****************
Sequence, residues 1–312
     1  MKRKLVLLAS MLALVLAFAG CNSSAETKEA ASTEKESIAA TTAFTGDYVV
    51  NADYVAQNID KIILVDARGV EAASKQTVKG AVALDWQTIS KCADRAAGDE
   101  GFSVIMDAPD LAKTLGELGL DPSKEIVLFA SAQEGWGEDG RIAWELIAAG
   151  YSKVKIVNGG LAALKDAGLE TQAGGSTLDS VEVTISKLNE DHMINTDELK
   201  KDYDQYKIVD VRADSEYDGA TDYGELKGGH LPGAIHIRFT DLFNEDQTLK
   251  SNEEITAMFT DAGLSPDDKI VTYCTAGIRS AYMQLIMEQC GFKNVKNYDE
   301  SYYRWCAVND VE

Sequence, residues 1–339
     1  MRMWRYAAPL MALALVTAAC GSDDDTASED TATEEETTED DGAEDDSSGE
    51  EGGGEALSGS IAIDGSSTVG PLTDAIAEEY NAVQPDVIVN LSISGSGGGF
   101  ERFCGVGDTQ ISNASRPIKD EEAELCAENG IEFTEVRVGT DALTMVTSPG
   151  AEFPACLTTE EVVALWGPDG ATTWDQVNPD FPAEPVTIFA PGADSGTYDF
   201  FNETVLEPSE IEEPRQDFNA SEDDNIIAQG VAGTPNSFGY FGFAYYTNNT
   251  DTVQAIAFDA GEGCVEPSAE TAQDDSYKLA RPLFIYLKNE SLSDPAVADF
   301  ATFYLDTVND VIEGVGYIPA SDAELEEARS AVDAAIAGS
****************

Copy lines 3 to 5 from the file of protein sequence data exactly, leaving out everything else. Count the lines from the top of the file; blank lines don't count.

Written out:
    51  NADYVAQNID KIILVDARGV EAASKQTVKG AVALDWQTIS KCADRAAGDE
   101  GFSVIMDAPD LAKTLGELGL DPSKEIVLFA SAQEGWGEDG RIAWELIAAG
   151  YSKVKIVNGG LAALKDAGLE TQAGGSTLDS VEVTISKLNE DHMINTDELK